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2018 Trump Tariff

 
 
Reply Thu 8 Mar, 2018 08:05 am
I saw this post and thought the topic deserved it's own thread.



I'd like to start with a quiz

1. What percentage of Steel in use in the US is mined and refined in the US?

2. Who is the leading Steel exporter to the US?

3. What percentage of steel imports do the Trump tariffs effect?

4. How much should we actually care about this?

Have your answers? Highlight next for answers:
1. 75% 2. Canada 3. 2% 4. No

I believe that these Trump Tariffs are nothing more than a negotiating tool to change NAFTA as Canada and Mexico are 2 of our largest trade partners. Trump has never liked NAFTA and this may be his way of changing the terms.

There is worry about this starting a trade war and to those folks I would suggest taking a valium. Anyone choosing to start a trade war with the US would lose. The US imports too much stuff and spends way too much money to lose as a trade partner. This is a case where being the 800 pound gorilla is a good thing.

I am willing to pay 1 cent more on a can of soda if that means more US aluminum is being used. Are you?
 
edgarblythe
 
  4  
Reply Thu 8 Mar, 2018 08:16 am
Even the Republicans want Trump to back off, or at least refine his plan.
0 Replies
 
engineer
 
  5  
Reply Thu 8 Mar, 2018 08:31 am
@McGentrix,
McGentrix wrote:

There is worry about this starting a trade war and to those folks I would suggest taking a valium. Anyone choosing to start a trade war with the US would lose. The US imports too much stuff and spends way too much money to lose as a trade partner. This is a case where being the 800 pound gorilla is a good thing.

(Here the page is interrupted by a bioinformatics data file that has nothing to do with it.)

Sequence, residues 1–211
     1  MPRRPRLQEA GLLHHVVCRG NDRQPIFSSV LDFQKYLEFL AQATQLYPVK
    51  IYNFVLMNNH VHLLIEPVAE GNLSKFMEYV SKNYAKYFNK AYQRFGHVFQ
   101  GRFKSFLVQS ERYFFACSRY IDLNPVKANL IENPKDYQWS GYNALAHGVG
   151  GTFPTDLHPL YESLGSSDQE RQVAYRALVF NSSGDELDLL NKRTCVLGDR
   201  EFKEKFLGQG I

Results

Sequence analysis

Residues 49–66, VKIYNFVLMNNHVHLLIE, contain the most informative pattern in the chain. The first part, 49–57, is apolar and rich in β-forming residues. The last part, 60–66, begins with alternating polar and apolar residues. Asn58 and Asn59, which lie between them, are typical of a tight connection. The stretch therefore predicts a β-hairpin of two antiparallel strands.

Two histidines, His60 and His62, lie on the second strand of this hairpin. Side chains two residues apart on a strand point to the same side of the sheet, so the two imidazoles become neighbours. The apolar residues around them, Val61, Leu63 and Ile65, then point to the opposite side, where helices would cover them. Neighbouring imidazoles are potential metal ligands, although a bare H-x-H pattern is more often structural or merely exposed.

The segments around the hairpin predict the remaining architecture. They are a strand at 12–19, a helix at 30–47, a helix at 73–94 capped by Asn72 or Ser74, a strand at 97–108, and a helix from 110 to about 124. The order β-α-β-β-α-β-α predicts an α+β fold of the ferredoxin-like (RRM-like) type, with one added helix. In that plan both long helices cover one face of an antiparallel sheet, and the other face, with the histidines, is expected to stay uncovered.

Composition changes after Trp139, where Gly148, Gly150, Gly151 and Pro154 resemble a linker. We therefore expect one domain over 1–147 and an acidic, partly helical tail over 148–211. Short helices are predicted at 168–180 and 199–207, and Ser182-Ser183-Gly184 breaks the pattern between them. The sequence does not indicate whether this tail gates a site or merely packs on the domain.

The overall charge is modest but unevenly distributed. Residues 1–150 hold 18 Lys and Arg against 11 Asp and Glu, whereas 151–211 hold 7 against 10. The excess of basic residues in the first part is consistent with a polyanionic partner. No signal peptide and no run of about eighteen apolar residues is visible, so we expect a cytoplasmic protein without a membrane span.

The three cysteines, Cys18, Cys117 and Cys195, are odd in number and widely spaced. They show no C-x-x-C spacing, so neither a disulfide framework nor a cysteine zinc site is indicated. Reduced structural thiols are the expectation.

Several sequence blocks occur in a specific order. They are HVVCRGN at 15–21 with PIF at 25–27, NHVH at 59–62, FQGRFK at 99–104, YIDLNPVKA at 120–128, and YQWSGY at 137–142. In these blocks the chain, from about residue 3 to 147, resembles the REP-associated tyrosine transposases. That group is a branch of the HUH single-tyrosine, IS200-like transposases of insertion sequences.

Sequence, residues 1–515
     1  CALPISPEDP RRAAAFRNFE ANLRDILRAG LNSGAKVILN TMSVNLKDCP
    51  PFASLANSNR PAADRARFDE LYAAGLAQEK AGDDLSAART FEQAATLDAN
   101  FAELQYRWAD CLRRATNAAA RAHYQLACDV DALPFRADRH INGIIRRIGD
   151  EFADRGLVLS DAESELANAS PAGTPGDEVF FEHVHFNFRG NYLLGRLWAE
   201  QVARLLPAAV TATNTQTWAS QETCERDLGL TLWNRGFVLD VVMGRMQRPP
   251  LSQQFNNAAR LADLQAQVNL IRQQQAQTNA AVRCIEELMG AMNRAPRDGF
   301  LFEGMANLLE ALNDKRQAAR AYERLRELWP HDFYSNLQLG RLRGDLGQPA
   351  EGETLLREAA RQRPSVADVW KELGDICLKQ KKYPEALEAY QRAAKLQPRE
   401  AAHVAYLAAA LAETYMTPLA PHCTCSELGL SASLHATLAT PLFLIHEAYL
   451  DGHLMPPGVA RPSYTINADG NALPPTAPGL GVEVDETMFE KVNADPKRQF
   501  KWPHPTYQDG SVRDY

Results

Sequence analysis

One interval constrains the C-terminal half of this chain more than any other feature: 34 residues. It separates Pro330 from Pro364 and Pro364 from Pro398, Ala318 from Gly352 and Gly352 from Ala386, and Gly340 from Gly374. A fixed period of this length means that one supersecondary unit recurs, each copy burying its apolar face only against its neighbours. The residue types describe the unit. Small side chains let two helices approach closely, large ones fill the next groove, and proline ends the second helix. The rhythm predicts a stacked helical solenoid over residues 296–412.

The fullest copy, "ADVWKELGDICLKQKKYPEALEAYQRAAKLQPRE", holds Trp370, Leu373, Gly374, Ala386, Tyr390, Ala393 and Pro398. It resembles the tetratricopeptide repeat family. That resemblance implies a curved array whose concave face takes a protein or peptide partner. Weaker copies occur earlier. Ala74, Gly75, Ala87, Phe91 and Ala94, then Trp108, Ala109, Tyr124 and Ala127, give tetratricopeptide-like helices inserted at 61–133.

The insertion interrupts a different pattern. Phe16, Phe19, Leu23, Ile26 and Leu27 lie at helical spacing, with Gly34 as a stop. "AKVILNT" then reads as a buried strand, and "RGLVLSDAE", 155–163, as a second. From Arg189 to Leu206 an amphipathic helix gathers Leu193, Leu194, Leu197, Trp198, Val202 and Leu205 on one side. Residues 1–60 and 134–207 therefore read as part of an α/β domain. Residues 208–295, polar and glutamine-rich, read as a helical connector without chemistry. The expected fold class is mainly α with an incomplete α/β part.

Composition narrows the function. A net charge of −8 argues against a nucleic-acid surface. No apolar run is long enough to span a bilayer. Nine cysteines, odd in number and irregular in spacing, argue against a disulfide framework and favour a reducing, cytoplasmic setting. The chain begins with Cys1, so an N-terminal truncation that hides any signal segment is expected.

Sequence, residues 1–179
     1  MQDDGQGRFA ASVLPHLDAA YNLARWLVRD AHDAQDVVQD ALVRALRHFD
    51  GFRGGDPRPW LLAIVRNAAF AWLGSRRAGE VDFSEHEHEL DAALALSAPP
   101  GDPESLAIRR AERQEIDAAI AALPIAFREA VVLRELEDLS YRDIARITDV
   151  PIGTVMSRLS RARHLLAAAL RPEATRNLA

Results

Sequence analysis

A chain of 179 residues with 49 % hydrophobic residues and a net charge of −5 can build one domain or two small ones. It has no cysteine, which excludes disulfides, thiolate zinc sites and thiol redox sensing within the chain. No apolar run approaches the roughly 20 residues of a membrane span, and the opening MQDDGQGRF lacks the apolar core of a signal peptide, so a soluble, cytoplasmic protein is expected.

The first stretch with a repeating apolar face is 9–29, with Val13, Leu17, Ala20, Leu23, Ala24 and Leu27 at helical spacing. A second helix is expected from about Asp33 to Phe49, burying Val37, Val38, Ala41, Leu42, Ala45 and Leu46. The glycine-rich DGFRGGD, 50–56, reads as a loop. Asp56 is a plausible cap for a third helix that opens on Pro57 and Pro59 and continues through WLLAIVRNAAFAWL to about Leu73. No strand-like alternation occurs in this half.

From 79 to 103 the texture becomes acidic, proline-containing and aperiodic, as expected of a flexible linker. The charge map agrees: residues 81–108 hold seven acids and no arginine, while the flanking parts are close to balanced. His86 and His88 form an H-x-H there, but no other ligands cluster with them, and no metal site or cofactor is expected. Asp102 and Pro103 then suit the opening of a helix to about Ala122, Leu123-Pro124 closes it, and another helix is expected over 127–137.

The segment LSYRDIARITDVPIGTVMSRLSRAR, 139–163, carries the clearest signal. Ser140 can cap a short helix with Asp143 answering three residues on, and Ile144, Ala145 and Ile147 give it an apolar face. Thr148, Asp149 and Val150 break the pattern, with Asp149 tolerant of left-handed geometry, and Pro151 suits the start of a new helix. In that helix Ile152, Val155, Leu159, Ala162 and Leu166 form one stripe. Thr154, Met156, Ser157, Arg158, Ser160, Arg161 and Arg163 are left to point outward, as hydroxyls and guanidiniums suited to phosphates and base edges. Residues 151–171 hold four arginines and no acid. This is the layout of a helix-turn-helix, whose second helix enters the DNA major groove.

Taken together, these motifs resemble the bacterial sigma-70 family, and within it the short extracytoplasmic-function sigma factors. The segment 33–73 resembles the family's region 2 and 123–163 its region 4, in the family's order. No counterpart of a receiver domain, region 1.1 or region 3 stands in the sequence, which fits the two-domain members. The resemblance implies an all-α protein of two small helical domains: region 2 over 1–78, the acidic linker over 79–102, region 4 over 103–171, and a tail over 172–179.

I am willing to pay 1 cent more on a can of soda if that means more US aluminum is being used. Are you?

That's a clever selling point for the administration, talking about pennies per can, but it misses the big point. For companies buying parts (many, many parts), they are not willing to pay their suppliers more because steel and aluminum go up in price, they will just buy from foreign suppliers. We don't have to guess about this, we can go back to the 2002 sanctions that Bush applied for eighteen months. From this article:

Quote:
In the case of the Bush tariffs, the WTO ultimately decided they did not conform with global rules. Facing retaliation from the EU and others, Bush removed the tariffs after just 18 months, instead of having them in place for three years as he wanted.